Quarter
PAC money
Cable TV appearances
Q2 2008
$192,471
0
Q3 2008
$156,525
11
Q4 2008
$135,900
9
Q1 2009
$61,417
9
Q2 2009
$52,904
8
Q3 2009
$31,402
8
Source: FEC. Media appearance data compiled by Smart Politics.

PAC money as a percentage of Bachmann's total campaign fundraising has also plummeted from 50.3 percent in Q2 2008, to 33.7 percent in Q3 2008, 12.7 percent in Q4 2008, 19.6 percent in Q1 2009, 18.6 percent in Q2 2009, and 9.1 percent in Q3 2009.

Then again, it's hard to call this trend a real problem for Bachmann. What politician wouldn't prefer to receive hundreds of thousands of dollars from small donors as opposed to special interest PAC money? The former is the basis for some powerful campaign literature.

Follow Smart Politics on Twitter.

Previous post: Pathway to the Governor's Mansion in Minnesota, Part III: Ethnic Heritage
Next post: Bachmann Raising Significantly Larger Out-of-State Funds Per Capita from Obama States than McCain States

1 Comment


  • It's too early to make a guess about the causes; however, one does wonder if the more polarizing figures in politics are actually less likely to see their agenda realized. This is not a slam at Bachmann but really a question posed to both left and right. Wouldn't a PAC essentially view their contribution as an investment for their own self-interest? Perhaps they feel that her extreme positions have made it more difficult for her to represent them. So there is a paradox developing amongst the populists of both parties: to be an effective fundraiser and earn votes from your base requires you to take positions that make you less effective once you're voted in.

  • Leave a comment


    Remains of the Data

    Which States Have the Longest and Shortest Election Day Voting Hours?

    Residents in some North Dakota towns have less than half as many hours to cast their ballots as those in New York State.

    Political Crumbs

    No 100-Year Curse for Roberts

    Defeating his Tea Party primary challenger Milton Wolf with just 48.1 percent of the vote, Pat Roberts narrowly escaped becoming the first elected U.S. Senator from Kansas to lose a renomination bid in 100 years. The last - and so far only - elected U.S. Senator to lose a Kansas primary was one-term Republican Joseph Bristow in 1914. Bristow was defeated by former U.S. Senator Charles Curtis who went on to win three terms before becoming Herbert Hoover's running mate in 1928. Only one other U.S. Senator from the Sunflower State has lost a primary since the passage of the 17th Amendment: Sheila Frahm in 1996. Frahm was appointed to fill Bob Dole's seat earlier that year and finished 13.2 points behind Sam Brownback in the three-candidate primary field. Overall, incumbent senators from Kansas have won 29 times against two defeats in the direct vote era. (Curtis also lost a primary in 1912 to Walter Stubbs, one year before the nation moved to direct elections).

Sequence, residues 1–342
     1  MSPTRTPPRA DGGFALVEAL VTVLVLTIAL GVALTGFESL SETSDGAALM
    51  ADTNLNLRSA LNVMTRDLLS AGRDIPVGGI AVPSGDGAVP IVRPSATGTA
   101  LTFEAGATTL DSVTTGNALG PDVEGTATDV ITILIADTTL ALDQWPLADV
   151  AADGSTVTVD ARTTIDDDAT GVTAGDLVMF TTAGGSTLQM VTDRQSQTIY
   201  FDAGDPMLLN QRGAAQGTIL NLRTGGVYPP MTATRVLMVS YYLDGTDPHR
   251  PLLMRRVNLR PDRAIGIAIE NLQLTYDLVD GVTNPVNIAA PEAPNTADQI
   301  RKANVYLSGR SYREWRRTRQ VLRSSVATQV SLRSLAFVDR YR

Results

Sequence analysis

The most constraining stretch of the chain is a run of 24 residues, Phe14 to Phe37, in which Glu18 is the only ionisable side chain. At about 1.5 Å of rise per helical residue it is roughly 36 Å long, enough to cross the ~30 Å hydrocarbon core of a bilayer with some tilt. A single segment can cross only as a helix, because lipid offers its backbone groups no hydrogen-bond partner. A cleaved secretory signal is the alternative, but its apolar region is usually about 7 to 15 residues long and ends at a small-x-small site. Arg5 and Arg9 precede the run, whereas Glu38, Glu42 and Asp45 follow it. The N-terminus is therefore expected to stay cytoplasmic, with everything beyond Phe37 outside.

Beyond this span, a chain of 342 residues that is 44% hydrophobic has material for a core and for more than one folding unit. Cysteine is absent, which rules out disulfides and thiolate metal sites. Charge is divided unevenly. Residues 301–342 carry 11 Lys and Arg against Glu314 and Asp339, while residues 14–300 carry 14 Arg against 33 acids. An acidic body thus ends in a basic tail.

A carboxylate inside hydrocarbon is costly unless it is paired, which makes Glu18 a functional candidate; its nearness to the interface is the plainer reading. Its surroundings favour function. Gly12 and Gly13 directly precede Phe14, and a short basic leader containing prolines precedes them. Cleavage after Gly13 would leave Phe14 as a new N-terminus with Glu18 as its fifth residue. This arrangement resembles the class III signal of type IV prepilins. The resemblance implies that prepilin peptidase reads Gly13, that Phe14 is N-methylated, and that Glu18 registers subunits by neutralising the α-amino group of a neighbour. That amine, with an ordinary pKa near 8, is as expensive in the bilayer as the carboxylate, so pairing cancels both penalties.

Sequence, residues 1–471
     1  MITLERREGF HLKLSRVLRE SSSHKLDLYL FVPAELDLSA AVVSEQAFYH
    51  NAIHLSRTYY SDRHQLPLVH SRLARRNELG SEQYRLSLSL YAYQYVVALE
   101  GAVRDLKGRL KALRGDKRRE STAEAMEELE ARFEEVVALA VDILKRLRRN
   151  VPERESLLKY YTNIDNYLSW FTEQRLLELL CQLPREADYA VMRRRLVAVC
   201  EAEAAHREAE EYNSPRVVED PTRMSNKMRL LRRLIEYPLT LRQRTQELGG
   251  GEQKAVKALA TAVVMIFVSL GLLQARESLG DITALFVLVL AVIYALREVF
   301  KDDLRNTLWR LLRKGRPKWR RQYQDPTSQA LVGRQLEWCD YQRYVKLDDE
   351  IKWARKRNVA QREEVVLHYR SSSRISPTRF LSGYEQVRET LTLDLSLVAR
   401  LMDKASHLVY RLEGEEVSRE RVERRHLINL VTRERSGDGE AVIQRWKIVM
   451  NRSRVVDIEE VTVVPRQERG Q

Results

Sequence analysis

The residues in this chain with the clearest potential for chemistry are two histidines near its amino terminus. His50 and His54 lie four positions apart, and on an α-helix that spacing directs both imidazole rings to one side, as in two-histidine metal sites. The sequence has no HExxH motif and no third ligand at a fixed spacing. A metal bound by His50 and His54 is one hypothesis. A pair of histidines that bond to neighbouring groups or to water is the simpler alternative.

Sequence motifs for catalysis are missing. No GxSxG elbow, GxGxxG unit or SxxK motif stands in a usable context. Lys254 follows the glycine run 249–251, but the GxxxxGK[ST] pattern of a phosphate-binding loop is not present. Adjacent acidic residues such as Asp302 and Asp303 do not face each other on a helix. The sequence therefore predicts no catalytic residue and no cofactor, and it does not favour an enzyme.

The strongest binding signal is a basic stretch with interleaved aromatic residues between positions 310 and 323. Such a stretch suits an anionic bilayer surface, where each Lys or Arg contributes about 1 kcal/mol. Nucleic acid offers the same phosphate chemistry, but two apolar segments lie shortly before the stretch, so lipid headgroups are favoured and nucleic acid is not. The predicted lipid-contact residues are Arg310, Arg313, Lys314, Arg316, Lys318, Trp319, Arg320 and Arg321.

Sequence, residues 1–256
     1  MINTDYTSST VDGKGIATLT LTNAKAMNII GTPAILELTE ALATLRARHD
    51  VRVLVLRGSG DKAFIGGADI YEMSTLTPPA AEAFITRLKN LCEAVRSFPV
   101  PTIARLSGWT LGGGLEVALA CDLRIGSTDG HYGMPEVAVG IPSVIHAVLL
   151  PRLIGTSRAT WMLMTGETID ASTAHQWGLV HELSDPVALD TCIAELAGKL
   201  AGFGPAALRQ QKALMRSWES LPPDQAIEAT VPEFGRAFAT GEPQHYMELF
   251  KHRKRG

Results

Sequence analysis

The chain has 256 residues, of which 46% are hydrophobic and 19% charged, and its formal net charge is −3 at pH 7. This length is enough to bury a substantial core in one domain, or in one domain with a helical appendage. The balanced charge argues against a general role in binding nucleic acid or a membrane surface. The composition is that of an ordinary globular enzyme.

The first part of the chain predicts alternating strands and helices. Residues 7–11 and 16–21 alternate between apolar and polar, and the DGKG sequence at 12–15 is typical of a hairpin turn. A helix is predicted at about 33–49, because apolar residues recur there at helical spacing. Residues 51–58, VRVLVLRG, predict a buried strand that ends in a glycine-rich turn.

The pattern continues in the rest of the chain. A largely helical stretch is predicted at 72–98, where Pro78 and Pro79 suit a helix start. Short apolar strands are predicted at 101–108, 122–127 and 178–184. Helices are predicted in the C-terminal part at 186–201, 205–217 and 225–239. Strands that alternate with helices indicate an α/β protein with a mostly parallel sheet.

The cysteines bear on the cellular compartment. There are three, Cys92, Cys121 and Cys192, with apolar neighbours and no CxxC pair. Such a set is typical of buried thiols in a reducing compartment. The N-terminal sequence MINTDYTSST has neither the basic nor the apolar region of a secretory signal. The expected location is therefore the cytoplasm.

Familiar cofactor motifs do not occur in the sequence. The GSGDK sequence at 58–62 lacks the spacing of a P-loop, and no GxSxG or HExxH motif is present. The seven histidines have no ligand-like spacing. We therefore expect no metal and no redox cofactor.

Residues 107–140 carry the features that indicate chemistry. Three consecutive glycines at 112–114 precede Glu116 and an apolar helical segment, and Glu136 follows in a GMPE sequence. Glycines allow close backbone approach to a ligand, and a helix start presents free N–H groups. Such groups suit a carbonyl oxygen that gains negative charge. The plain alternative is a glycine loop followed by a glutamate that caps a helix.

The Second Time Around

    Former Republican Congressman Bob Beauprez became the seventh major party or second place gubernatorial candidate in Colorado to get a second chance at the office when he narrowly won his party's nomination last month. Two of the previous six candidates were successful. Democrat Alva Adams lost his first gubernatorial bid to Benjamin Eaton in 1884, but was victorious two years later against William Meyer. Democrat Charles Johnson placed third in 1894 behind Republican Albert McIntyre and Populist incumbent Governor David Waite but returned as the Fusion (Democrat/Populist) nominee in 1898 and defeated GOPer Henry Wolcott. Gubernatorial candidates who received a second chance but lost both general elections include Democrat Thomas Patterson (1888, 1914), Progressive Edward Costigan (1912, 1914), Republican Donald Brotzman (1954, 1956), and Republican David Strickland (1978, 1986).


    more POLITICAL CRUMBS

    Humphrey School Sites
    CSPG
    Humphrey New Media Hub

    Issues />

<div id=
    Abortion
    Afghanistan
    Budget and taxes
    Campaign finances
    Crime and punishment
    Economy and jobs
    Education
    Energy
    Environment
    Foreign affairs
    Gender
    Health
    Housing
    Ideology
    Immigration
    Iraq
    Media
    Military
    Partisanship
    Race and ethnicity
    Reapportionment
    Redistricting
    Religion
    Sexuality
    Sports
    Terrorism
    Third parties
    Transportation
    Voting